Newspaper Archive of
Arkansas Catholic
Little Rock, Arkansas
December 9, 1990     Arkansas Catholic
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December 9, 1990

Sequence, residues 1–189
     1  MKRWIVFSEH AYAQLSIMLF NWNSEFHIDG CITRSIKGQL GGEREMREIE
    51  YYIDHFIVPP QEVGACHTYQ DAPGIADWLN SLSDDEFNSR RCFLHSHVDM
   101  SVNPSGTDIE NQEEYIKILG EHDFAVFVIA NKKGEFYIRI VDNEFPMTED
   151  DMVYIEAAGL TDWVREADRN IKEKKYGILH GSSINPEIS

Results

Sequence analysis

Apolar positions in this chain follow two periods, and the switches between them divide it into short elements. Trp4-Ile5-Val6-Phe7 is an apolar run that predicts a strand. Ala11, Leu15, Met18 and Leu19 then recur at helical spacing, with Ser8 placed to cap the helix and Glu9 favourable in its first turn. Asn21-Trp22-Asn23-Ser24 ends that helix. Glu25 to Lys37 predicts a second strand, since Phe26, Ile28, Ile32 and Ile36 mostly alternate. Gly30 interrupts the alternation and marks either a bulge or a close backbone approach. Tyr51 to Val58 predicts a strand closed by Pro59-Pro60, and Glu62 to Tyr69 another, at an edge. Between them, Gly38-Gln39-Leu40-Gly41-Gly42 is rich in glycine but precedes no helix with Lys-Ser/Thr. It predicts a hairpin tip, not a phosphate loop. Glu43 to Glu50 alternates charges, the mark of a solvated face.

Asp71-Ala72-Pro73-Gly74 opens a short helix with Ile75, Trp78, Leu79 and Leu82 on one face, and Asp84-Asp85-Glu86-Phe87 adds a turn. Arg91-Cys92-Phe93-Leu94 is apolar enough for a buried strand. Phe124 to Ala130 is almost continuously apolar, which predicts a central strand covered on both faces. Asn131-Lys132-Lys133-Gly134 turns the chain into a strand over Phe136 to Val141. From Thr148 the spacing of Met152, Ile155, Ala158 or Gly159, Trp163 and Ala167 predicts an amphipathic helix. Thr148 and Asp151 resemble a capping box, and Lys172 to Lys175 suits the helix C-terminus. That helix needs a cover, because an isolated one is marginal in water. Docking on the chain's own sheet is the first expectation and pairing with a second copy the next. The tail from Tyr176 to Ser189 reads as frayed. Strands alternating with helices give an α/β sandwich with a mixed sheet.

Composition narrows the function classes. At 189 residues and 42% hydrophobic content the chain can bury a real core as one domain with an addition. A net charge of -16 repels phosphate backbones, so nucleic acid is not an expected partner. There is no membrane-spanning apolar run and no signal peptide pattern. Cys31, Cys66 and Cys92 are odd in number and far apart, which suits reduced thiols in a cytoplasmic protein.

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PAGE 2 ARKANSAS CATHOLIC DECEMBER 9, 1990 I I IILI I II I I I I I This is our last regular issue of Arkamal Catholic for 1990. Next week, we'll pub- lish our special Christmas Issue: "Untold Stories and Twice-Told Tales." No news. Just stories from our readers' memories and imaginations. . - (:;It's beep an interesting year here at "The Catholic."Judging by our mail, we've given our readers lots to think about. But we learn as much from our readers as they learn from us: *When the news or editorial is what readers want to read or believe, they tell us we're doing a great job. When the news or editorial isn't what readers want to read or believe, they tell us we're slanted. We're always grateful to hear from everyone. And we do listen. *"Viewpoint" continues to be our most popular regular slot. * Readers really enjoy taking advantage of our monthly survey, which invites un- signed commen ts. We really enjoy reading the comments. *Readers sometimes have difficulty understanding that we have no reporting "staff." We routinely gets requests to "send a reporter" or "send a photographer" to an event. We have difficulty explaining just how dependent we are on coopera- tion from parishes, groups and individuals for news. " *Some readers want a diocesan paper exclusively devoted to local news. Other readers care nothing for local news, and want national and international news. Some readers want only good news. Other readers want the news, period. We try to provide a balance, which means we don't please any of the people all the time, but we please lots of people some of the time (see the first item on this list). During any given week, whether we're praised or lambasted, whether we do a great job with a story or blow it (and we occasionally blow it), We're proud and honored to serve the Diocese of Little Rock through the Arkansas Catholic, and we're grateful to you for your continuing support. DKH ARKANSAS CATHOLIC ml |ql is published 48 times a year, for $12 per year. by the Catholic Diocese of Little Rock, Arkansas Catholic, Inc., 2500 N. Tyler St., L~le Rock, AR 72207 (501) 664.0340 FAX (501) 664.9075]. PUBUSHIER: Most Rev. Andrew J. McDonald, Bishop MANAGING EDITOR: Ray. Albert J. Schneider EDITO~I : l~lx~'=h Hi.lard ADVERTISING I MARKETING DIRECTOR : Ron M. Hall PROOUCTION MANAGER: Rev. Jim Sdvatz CIRCULATION MANAGER : Agnn Knl.l Third class postage paid at Little Rock, AR. POSTMASTER : Send change of address tO: ARKANSAS CATHOUC, PO BOX 7417, LITTLE ROCK, AR 72217. Busi- ness hours are 8:30 to 4, Monday - Friday. Closed on weelwnds, Ho~/Da~, and National Holidap. Offices are located in Morris Hall, St. John's Center, 2500 N. Tyler, OIlle Rock, AR, 72207. check for $12 to the above address. ; Name I I Address dvent is such a precious timel It is a season of unsurpassed grace which invites us to recall the Mystery of Faith: "Christ had died. Christ is Risen. Christ will come again." For too long, many within the Catholic Tradition have viewed the season of Advent as a time of penance in preparation for the birthday of Christ on Christmas Day. Rather, Advent is a season of hope. Its key players are Elizabeth and her son,John the Baptist. The longing and unf/alfilled hope Elizabeth, advanced in age and barren in her womb, is made manifest in the birth of the Baptizer. The hope of the Baptizer is realized in the multitude of people who came to the Jordan River for baptism after heeding his message to "Repent and hear the Good News;John the Baptist sets the tone for our celebration of Advent in his call to repentance. In order to hear the Good News, John the Baptist realized that it is first We have much as a people about which to repent. necessary to repent of our sins. Indeed, it is the humble and contrite heart that is best molded by our Loving Father. The proud and deceitful heart is spurned and considered a heart of Bill Baker stone. In the words of the Prophet: "If today you hear His voice, harden not your heartsr" The only way to hear His voice is to approach the Lord with humil- ity and a contrite spirit. Indeed, we have much as a people about which to repent. Advent is the beginning of a new Church year. It is a season of hope and joy. It is the season in which the prophets cry out to the people. It is the Season of blessed events and miraculous births. It is the season for reconciliation and new life in the Lord. If we have not received the sacrament of Reconciliation for a long time, we can begin today with the resolve to seek out the healing grace and compassion- ate mercy offered by the Lord to all who seek Him out. The Lord awaits us with great anticipation. Jesus loves the return of the sinnerl In his Journal of a SouI, Pope John XXIII mentions that he went to con, fession daily once he became the suc- cessor of St. Peter. Pope John men- tions that it was in the Sacrament of Reconciliation wherein he found the loving solace of God's eternal grace and mercy, thp. true peace of Jesus offered m the ti3/lood o( Calvary. In this season of Advent, joy and hope, we may seek out the opportunity to go to confession. The graces given to us in this sacrament make for a blessed gift to give the Infant Jesus on the anniversary of His birth. We are able to give ourselves to Jesus! Our Advent season is meant to pre pare us for the second Coming Christ. Most assuredly, Jesus will come again, and He willwelcome the humble and contrite heart that see~ but His love, His mercy and His Peace. It takes but one moment to make the resolve in our hearts to go to con" fession this Advent season. The ben" efits of that decision will last a lifetime, i We can celebrate the Hope of the Universe by acknowledging the fact that we are sinful and most in need of the forgiveness of the Infant King Bethlehem. Jesus is forever there support and forgive usl (Bill Baker writes from Judsonia.) [LI[Fg ii Dolores Curran y friend, the nun, called me af- ter Christmas last year. "Guess what I got for Christ- : mas?" she asked, delight in her voice. "A shawl? A dictionary? Sta- tionery? I - guessed, recall- ing gifts we used to give nuns. "An electric train," she said. "And I've been playing with it for two days.~ She went on to tell me she al- ways wanted one as a child but because she was a girl, h6r parents thought it inappropriate. Some of the sisters in her order, of which she is president, knew of her secret longing, and plotted to surprise her. When I visited her five months later, the train was set up on the floor of her living room. "When stress gets high, I play with my train," she said. Whoever said grownups don't need toys? Watch a man shopping in a toy department for his sons. He gravitates toward the toys he loved as a child or coveted and didn't have as a child, not toward the age-appropriate toys for his children. Watch a woman pick up the toys she was told were boys' toys and thus de- nied her a baseball mitt, a chemistry set, a remote controlled car. She Watch a woman pick up the toys she was told were boys' toys and thus denied her, touches them with sadness and envy. I think giving adults toys as gifts is a wonderful idea: We struggle to up with new ideas every year and up giving shirts, books, and utterly seO' i sible things when a totally nonsensible t toy might fill an adult with forgot# pleasure. One gerontology group suggest stuffed animals, especially teddy for elderly people, claiming they joyful images of play and which everyone needs. See "Curran," next ill & rL.@E B& g Dg~gn, Groundbreaking for Catholic High School for Boys; Little Rock, 1959. R: Msgr. J. A. Murray; unknown; Rev. Reuben Groff Rev, Raymond Rev. John Kordsmeier; Msgr. William Galvin; Bishop Albert L. three unidentified altar servers.